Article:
Tuesday, May 24, 2011

Fidel, the Wonder Dog of Merida

After our stay in secluded, monkey-ridden Palenque (although we never saw them we know those sneaky rascals were out there!) we wanted to change it up and head for the city.  We decided that we would stay in Campeche for a night and continue on to Merida for two nights.  Later, we wished we had stayed longer in Campeche and spent less time in Merida; Campeche was smaller, cooler (temperature-wise) and much more our scene.  Quite a bit of Spanish influence could be seen throughout the city and a giant stone wall surrounding everything still exists along with eight attached guard towers, built after the citizens of Campeche (circa 1600’s) were attacked by a particularly violent crew of pirates.  
The wall surrounding the city with the church steeples in the background
 We pulled into the city after what seemed to be the hardest day of riding (although I know it wasn't Ty's after driving from Reynosa to Veracruz) and, hot and exhausted, decided to stay in the first place we saw with internet, a/c and cheap accommodations.  Turns out it was a perfectly nice place and was located in the best part of town (right next to the town square.)  The owner let us park the bike in the lobby of the hotel; it was quite a feat to get it in but we were very grateful to not have to leave it on the street.  We had spent most of the day stopped in 100+ degree heat on dusty highways while construction crews meandered across the road in their trucks and bored cops stopped traffic to inquire where each driver was headed and we were ready to relax a bit.  After not eating all day, we decided to scarf down some unrecognizable Chinese food from a buffet next door to the hotel.  It wasn’t great but we couldn’t have cared less.

After a shower and a little a/c time, we decided to take a walk down the boardwalk for sunset.  It was nice to see the ocean again and the sidewalk was lined with other people out running, roller blading or just taking in the views.  I think I finally have the Mexican timeline down.  Everyone wakes up around 10AM, has breakfast and accomplishes whatever they can until about 2PM, when everyone disappears until evening (I think that most people take a little siesta because of the heat.)  Then, everyone ventures back out once it has cooled down and hangs out until about 11PM (besides the partiers, of course, who will keep going well into the morning hours.)  Even little kids are out playing late at night which might be unusual at home but is very common here.  We made our way back into the main square (where a beautiful, old church was lit up for the evening) and had to grab some limon ice cream after seeing so many people eating it down by the water.  We went on an unsuccessful quest to find an open beer store, but weren’t completely disappointed as we got to see quite a bit of the city, including several of the towers and the university.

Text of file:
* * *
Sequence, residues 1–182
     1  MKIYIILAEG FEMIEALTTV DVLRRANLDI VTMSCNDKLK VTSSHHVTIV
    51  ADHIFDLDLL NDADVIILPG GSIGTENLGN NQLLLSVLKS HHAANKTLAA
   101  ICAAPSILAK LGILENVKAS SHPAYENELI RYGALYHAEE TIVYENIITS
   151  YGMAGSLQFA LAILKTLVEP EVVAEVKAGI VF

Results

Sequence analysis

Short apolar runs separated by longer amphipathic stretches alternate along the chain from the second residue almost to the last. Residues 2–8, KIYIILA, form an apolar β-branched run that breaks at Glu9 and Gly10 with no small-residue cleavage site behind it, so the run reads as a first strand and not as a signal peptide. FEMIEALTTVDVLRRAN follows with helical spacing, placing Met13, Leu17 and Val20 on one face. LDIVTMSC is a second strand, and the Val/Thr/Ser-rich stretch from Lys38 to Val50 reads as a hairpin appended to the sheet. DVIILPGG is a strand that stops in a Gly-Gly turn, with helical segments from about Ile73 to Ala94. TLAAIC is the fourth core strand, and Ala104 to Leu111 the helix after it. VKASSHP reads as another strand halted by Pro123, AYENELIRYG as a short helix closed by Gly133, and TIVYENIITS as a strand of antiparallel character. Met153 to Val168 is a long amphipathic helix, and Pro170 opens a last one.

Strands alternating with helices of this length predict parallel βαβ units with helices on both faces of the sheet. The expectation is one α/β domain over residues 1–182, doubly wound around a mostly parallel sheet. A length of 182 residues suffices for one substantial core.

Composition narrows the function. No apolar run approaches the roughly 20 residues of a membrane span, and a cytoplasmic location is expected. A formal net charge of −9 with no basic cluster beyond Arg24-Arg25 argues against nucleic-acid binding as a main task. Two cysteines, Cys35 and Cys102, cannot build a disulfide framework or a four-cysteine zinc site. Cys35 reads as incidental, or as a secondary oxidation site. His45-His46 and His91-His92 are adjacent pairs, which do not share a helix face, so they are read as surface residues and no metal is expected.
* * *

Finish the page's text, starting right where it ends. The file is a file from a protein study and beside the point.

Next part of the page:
The view of the city from the boardwalk

After an air conditioned night's sleep (which felt so good after Palenque) we made a fairly quick ride up to Merida.  I had made reservations at a highly recommended hostel (Casa Chalia) and was so glad that I did as it turned out to be one of the highlight hostels of our trip.  The proprietors, Rosalinda (from Merida) and Jan (from Belgium), were two of the nicest and most knowledgeable people we have met so far.  They are a married couple who have been running their hostel for about two years.   When they inherited Rosalinda's family home in Merida they left Belgium and decided to run a hostel completely on their own; they have never had any hired help.  Did I mention that they cook and serve and delicious breakfast every morning?  As much as we enjoyed Rosalinda and Jan's company (who, if you were so inclined, you could speak to in English, Spanish, German, French or Dutch fluently...) there was one other little guy whose company we enjoyed the most; his name is Fidel and he is a miniature grey poodle (and one of the funniest/rascaliest dogs Ty or I had ever been around!)  Fidel was living the high life at his palace in Merida and had new people to play with every day...and believe me, he could play for hours. Every morning at breakfast we would spend a solid hour or two throwing him his ball and he would never get sick of it.  He, along with his owners, were definitely the best part of our trip to Merida.  
My new soulmate

Rosalinda, Jan and their baby
Our cute watermelon room at Casa Chalia

 For the right person, Merida would be a lot of fun.  Unfortunately, when we were there it was extremely hot (100+ degrees both days) and very, VERY crowded...not the best combination.  We did, however, find a restaurant (with the help of Jan) that served the best food either of us had had so far and was air conditioned!  The owner of Las Vigas was a nice guy from Pittsburgh and we enjoyed talking to him.  We also made a visit to the second story McDonalds, located right above the craziest market in Merida, for lunch one day.  We watched the flocks of people walking in every direction down below and for some reason it reminded Ty and I both of the second story McDonalds we visited in Shinjuku, Tokyo.

Second story McDonald's view of Merida

We said goodbye to Jan, Rosalinda and Fidel after a healthy breakfast of fruit, eggs, bread, coffee and tea and headed out for Chichen Itza, the most famous of the Mayan Ruins of Mexico and one of the Seven Modern Wonders of the World.                 

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